Uncertain times always bring both opportunities and challenges. The deal flow may be slightly reduced for a while, but for many businesses, the focus will be on other issues during this period — structuring their financing arrangements, ensuring that their management teams are incentivised and strengthening their client and customer relationships where they can. All of this requires legal advice. And opportunities for transactions will continue to arise, with the best assets still attracting a lot of interest and, at the other end of the spectrum, the possibility of acquiring companies which are undervalued or in financial distress.
What skills do you need to be a good transactional lawyer?
Good organisational skills, a problem-solving mindset, the ability to explain complex issues clearly and concisely and to come up with practical and commercial solutions, empathy and listening skills, tenacity, stamina, resourcefulness and a good sense of humour!
You’ll be speaking at our virtual student event next month, ‘Life as a transactional lawyer’. What advice can you share with students interested in becoming transactional lawyers? What makes Travers Smith a great place to start out in this area?
Travers Smith’s transactional teams (both in Corporate and other areas) are second to none and provide both high quality work and really excellent training. We invest a lot of time in providing both formal training and informal support and learning by osmosis, helped by our room sharing system. For junior lawyers, there is a great mixture of opportunity to challenge yourself and support to ensure that you feel secure in doing so. We’re also really focused on ensuring that our lawyers can have long and sustainable careers with the firm, which is important, given the challenges of transactional work. Working long hours is sometimes a necessity, but it is not taken for granted, and we do our best to balance this out with recovery time and holidays where people can take an undisturbed break.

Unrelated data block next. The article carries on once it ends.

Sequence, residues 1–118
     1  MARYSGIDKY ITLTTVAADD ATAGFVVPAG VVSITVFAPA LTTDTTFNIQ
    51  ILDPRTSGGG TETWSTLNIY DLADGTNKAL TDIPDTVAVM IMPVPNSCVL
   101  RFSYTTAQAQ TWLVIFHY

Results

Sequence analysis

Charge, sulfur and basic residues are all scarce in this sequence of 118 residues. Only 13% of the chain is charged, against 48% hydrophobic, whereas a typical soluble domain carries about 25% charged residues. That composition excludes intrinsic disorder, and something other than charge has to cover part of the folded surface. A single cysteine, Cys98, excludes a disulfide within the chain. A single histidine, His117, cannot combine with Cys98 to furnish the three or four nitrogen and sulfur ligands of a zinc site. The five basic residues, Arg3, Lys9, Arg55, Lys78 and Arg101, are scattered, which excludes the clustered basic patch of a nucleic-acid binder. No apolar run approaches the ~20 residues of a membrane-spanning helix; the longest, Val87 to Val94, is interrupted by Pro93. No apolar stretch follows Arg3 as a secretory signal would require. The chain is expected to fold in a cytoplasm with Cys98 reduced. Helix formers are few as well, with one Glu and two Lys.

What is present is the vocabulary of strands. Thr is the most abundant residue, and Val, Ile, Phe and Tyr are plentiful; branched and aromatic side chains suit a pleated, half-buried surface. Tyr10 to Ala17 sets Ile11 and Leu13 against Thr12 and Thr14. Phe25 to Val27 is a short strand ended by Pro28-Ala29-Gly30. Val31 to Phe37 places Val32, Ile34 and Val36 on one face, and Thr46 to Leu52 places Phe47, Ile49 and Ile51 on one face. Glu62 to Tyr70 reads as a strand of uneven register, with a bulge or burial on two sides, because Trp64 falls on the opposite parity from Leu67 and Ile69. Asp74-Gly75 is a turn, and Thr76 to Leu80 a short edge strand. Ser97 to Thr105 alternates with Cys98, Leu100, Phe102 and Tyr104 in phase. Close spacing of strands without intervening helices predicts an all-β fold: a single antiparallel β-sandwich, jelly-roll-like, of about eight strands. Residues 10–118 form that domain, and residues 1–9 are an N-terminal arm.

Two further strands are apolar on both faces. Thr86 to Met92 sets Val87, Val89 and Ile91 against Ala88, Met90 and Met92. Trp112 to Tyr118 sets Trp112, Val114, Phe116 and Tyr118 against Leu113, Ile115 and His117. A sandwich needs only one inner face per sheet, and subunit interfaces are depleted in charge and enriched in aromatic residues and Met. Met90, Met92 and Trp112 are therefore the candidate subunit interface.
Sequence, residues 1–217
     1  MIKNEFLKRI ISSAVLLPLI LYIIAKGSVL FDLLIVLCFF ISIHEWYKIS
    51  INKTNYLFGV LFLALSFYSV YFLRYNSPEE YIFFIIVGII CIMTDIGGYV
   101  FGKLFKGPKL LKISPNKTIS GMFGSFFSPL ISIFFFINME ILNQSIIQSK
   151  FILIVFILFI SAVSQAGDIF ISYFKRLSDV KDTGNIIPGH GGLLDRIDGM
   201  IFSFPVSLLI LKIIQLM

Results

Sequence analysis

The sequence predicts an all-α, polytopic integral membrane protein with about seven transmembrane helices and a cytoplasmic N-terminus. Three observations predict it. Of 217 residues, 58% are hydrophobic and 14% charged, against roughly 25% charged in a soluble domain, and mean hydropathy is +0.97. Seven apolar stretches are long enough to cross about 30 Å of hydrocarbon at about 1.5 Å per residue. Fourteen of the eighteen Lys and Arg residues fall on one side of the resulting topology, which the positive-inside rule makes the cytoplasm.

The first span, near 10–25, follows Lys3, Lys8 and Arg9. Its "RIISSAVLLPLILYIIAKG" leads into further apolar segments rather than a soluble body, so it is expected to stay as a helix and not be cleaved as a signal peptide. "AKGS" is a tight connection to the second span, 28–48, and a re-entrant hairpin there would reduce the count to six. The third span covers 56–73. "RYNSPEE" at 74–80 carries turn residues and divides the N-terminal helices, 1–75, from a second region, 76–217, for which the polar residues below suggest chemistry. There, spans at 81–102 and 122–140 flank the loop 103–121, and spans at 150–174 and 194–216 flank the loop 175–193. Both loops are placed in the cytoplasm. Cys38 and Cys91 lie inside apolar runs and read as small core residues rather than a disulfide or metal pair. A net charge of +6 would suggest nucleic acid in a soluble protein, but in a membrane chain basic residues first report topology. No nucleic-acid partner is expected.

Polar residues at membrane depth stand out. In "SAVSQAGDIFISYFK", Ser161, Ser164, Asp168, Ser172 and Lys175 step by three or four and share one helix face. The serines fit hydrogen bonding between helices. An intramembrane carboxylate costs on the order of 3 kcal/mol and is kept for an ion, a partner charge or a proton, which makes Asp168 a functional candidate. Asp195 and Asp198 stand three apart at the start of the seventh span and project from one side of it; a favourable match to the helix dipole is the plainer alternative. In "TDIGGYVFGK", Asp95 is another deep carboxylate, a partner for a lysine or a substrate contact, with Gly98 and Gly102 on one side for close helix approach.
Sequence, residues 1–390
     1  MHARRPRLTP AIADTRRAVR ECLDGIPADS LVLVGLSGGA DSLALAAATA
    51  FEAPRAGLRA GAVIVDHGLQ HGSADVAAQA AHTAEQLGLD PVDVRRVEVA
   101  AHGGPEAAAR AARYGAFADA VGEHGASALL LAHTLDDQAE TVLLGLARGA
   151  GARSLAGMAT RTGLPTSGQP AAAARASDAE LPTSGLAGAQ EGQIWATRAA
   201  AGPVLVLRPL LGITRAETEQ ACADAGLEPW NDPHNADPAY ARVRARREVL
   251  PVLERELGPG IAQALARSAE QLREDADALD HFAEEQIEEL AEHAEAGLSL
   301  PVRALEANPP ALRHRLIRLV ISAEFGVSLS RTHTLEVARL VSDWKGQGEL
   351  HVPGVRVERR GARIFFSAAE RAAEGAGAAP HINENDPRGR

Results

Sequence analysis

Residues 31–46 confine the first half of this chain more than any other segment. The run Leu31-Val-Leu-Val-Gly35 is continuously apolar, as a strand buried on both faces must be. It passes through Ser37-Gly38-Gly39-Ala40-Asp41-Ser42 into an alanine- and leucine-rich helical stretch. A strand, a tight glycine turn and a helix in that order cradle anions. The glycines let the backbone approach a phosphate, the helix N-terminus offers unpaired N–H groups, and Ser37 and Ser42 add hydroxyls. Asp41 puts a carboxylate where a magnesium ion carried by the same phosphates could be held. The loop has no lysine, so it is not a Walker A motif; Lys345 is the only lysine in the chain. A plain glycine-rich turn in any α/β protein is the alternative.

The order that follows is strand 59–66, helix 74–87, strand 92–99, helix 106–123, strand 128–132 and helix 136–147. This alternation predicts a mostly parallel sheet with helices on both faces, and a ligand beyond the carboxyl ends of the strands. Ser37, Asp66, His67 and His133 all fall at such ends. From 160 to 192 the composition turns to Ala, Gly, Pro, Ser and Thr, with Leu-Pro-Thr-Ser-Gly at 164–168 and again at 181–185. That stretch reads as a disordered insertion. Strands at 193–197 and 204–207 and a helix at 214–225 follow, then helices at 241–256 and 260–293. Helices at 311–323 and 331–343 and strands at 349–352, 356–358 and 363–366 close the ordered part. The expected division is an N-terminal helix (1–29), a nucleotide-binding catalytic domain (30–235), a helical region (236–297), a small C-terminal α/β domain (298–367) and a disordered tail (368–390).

In my view, the culture is all-important here — transactional work can be demanding, tiring and stressful, but the kindness, support and humour of those that you work with is often what carries you through. I’d advise anyone interested in doing transactional work to think hard about this and to make sure that alongside the stellar clients and the NQ salary, you think hard about whether the firms that you are looking at have the culture to make the job enjoyable and fulfilling in the long term.
Hannah Manning will be speaking alongside other Travers Smith lawyers at ‘Life as a transactional lawyer — with Travers Smith’, a virtual student event taking place on the afternoon of Tuesday 10 January. Apply to attend.